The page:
Dr. Davis Primer

Whenever I implicate carbs instead of fat as a major risk factor for obesity and heart disease, I am met with rolling eyes and eventually that look that says “you’re insane.”

In an ongoing effort to convince my audience that I am NOT nuts, I encourage them to read the advice of someone with better qualifications on the subject: a cardiologist.

Not just any cardiologist mind you, but a rare breed actually concerned with prevention:
Dr. William Davis

Dr. Davis’ Heart Scan Blog is full of great info but there is a LOT to wade through.

To make your first encounter with Dr. D easier, let me start you off with a few recommendations:

1. Know your risk factors for heart disease

2. Understanding cholesterol Values
The LDL/HDL/Total cholesterol numbers are NOT a good indication of your risk of heart disease. These number can mislead by underestimating or overestimating risk. Learn what Lipoprotein analysis (NMR) is and understand what small LDL particles are.

3. Reducing your risks and reversing heart disease
There is no one post that pulls this all together* but his advice is consistent:

  • Eliminate sugars, wheat and cornstarch
    Eliminate–not reduce, but eliminate wheat products from your diet, whether or not the fancy label on the package says it’s healthy, high in fiber, a "healthy low-fat snack", etc. This means no bread, pasta, crackers, cookies, breads, chips, pancakes, waffles, breading on chicken, rolls, bagels, cakes, breakfast cereal. This includes
  • Eliminate junk foods
    such as candies, cookies, pretzels, rice cakes, potato chips, etc.
  • Take Omega 3
    It must be from fish oil There is no need for expensive brands like Lovaza (aka Omacor). Dosing frequently (eg 2-3 times per day) seems to enhance the effect. Take a minimum EPA + DHA of 1200 mg per day (ie 4000mg standard fish oil) or more.
  • Take Vitamin D3
    This should be oil based (ie gel not tablet). Dr. D has on occasion recommended Carlson’s and Vitamin Shoppe brands.
    "Though needs vary widely, the majority of men require 6000 units per day, women 5000 units per day. Only then do most men and women achieve what I’d define as desirable: 60-70 ng/ml 25-hydroxy vitamin D blood level." ref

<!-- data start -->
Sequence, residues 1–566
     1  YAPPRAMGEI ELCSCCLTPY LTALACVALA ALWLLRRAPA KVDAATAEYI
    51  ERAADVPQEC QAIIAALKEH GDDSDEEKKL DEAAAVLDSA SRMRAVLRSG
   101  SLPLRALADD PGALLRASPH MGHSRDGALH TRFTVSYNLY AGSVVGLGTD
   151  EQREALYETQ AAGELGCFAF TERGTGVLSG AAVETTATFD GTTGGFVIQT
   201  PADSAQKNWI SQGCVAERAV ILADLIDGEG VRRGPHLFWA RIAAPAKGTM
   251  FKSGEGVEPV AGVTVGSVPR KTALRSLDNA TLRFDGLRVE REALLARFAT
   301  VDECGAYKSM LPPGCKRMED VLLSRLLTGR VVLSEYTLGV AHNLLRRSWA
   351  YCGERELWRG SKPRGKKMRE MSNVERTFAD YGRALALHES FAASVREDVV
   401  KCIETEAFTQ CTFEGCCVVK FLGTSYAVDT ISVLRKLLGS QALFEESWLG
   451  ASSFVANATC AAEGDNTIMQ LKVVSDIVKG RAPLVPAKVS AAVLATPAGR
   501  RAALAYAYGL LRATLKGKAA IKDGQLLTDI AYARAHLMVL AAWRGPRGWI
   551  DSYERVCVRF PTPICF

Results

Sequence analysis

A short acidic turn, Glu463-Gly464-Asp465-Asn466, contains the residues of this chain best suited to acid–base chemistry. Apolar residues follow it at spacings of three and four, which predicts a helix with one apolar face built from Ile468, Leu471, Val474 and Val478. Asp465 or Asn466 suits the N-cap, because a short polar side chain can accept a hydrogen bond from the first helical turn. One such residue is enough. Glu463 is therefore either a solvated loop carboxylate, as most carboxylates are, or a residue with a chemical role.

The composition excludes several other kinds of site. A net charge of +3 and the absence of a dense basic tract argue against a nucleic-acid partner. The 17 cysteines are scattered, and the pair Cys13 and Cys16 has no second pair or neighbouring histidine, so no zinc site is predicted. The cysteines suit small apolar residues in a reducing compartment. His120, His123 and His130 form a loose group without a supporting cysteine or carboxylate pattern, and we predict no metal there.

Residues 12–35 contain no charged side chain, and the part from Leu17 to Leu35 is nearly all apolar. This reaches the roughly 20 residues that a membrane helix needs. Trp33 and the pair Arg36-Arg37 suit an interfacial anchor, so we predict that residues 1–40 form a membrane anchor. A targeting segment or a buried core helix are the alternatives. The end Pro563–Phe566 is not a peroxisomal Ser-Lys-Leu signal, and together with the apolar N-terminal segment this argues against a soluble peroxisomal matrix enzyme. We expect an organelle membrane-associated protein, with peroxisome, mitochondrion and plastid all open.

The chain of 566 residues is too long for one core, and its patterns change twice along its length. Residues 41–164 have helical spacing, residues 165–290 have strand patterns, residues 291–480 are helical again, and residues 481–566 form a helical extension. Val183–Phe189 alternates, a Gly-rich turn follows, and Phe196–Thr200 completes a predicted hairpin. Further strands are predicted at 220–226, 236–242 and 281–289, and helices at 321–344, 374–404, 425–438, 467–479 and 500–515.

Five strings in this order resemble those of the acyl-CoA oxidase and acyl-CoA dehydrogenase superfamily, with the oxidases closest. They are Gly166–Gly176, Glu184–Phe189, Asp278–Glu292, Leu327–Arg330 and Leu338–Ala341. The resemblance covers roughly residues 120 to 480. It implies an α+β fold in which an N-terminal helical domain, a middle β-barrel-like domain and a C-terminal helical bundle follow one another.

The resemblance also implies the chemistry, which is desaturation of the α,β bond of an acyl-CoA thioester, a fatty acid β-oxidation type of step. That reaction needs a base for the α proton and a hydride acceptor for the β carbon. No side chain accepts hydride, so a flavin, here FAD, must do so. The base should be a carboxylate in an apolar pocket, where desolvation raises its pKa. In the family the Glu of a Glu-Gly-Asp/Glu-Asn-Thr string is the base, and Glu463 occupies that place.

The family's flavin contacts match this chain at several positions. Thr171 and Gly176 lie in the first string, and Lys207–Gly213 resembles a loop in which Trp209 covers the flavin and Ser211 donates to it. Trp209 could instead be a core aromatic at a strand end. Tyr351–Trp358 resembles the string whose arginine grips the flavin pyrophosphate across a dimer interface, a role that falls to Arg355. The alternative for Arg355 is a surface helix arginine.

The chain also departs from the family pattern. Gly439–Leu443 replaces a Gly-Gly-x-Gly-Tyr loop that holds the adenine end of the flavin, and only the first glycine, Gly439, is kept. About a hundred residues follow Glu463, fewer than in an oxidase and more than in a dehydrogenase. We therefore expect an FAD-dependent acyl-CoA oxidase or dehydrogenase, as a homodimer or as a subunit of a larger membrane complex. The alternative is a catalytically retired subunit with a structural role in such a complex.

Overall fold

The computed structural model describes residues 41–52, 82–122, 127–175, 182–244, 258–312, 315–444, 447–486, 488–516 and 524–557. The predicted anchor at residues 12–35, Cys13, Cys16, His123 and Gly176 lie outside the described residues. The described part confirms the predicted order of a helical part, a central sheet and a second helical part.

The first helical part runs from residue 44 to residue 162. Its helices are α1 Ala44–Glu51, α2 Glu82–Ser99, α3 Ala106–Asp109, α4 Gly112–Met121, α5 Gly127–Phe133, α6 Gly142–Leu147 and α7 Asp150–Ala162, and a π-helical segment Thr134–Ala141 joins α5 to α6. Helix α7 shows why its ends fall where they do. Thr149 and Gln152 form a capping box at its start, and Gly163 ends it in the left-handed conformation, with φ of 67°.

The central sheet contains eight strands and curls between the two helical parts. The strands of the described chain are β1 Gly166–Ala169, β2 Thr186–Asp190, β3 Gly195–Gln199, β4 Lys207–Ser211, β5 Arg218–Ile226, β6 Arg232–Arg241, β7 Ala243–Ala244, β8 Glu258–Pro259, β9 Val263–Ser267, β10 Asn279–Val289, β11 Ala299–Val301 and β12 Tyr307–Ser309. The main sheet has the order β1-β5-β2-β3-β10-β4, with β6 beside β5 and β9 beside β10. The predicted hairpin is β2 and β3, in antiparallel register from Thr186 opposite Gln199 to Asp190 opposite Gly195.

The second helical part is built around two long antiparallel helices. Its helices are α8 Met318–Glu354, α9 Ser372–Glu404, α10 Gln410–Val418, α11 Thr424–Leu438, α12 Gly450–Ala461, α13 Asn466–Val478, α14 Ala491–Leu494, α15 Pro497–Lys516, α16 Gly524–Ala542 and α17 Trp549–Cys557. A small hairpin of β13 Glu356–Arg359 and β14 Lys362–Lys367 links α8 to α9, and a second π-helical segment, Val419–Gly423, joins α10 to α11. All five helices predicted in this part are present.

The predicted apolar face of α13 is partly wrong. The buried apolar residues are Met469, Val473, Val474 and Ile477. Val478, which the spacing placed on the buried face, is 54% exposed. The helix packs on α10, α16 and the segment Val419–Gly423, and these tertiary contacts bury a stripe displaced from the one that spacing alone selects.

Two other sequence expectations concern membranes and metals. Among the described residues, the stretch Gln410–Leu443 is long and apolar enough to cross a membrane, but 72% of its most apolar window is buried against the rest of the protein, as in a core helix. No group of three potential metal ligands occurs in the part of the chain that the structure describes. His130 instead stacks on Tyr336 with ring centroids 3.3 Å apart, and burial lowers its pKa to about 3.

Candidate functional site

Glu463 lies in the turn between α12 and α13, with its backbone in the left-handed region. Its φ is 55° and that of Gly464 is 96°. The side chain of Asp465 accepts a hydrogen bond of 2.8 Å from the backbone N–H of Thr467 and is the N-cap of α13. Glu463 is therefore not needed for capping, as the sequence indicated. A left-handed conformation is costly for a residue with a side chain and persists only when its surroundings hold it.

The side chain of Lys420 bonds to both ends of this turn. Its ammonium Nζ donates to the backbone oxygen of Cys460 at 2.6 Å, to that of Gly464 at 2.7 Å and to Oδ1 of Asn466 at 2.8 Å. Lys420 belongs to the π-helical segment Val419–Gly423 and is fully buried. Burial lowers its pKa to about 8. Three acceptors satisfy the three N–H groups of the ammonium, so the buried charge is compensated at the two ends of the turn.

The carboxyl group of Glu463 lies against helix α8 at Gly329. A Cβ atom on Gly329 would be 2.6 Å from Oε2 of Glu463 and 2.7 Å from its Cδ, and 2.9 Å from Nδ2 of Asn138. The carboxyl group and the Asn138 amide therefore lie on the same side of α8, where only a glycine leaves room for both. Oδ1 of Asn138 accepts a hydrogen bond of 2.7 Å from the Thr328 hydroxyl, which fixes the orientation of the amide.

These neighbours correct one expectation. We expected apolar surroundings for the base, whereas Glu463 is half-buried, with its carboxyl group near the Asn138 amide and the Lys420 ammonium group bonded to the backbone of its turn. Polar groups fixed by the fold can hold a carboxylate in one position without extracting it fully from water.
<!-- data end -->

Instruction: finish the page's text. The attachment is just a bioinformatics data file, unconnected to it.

• Dr. D has also mentioned that exercise may enhance the benefits of these changes but he does not discuss exercise much.

    Likewise he has stated that one should not allow saturated fats to dominate but again his blog does spend a lot of time on this recommendation. In this respect he is more conservative than much of the low-carb community particularly given that he remains anti-egg yolk: "One yolk per day is clearly too much."

    More info:

* Note that this list is my own compilation from various posts and may not accurately reflect Dr. Davis’ protocol due to errors of omission or emphasis.


Dental Hygeine and Heart Disease

Cause or effect?

Young adults who lose their teeth to cavities or gum disease may have an increased risk of dying from heart disease later in life, a new study suggests. (…) Tooth loss is an indicator of poor oral health. Scientists speculate that the bacteria in the mouth that cause cavities and gum disease may enter the bloodstream and either damage the blood vessel lining directly or trigger inflammation in the body that then contributes to heart disease. – Reuters

Actually this isn’t exactly news. We’ve been hearing about this correlation for years. And as for the cause and effect relationship between oral hygiene and heart health, this is matter of speculation.

The chief culprit in the mouth is Streptococcus mutans, with Lactobacillus species also playing a role. These germs thrive on sugar, and every time we eat a meal or a snack, sugar levels in the mouth increase and nourish the resident bacteria. Within 20 minutes, sticky, destructive plaque begins to form on our teeth, and decay is underway.

The pathogenic S. mutans bacteria can travel through the bloodstream and infect the interior linings of the heart, causing infectious endocarditis, a very serious disease. In the worst-case scenario, this can lead to damaged heart valves and congestive heart failure. Concern over the possibility of endocarditis is one reason why dentists usually administer antibiotics before performing invasive procedures on susceptible individuals, such as those with periodontal disease. – More

Perhaps S. mutans is the culprit or perhaps a diet high in sugar leads both to heart disease and tooth decay. The fact is that a third actor may be causing the two. At one time, Helicobacter pylori was suspected of being a player in this correlation.

Whatever the truth, good oral hygeine is always recommended if not for dental health then at least for personal care and for social reasons! Brushing after every meal is also a good way to reduce snacking (how can I get my teeth dirty again?!).

And as always – cut out the sugar.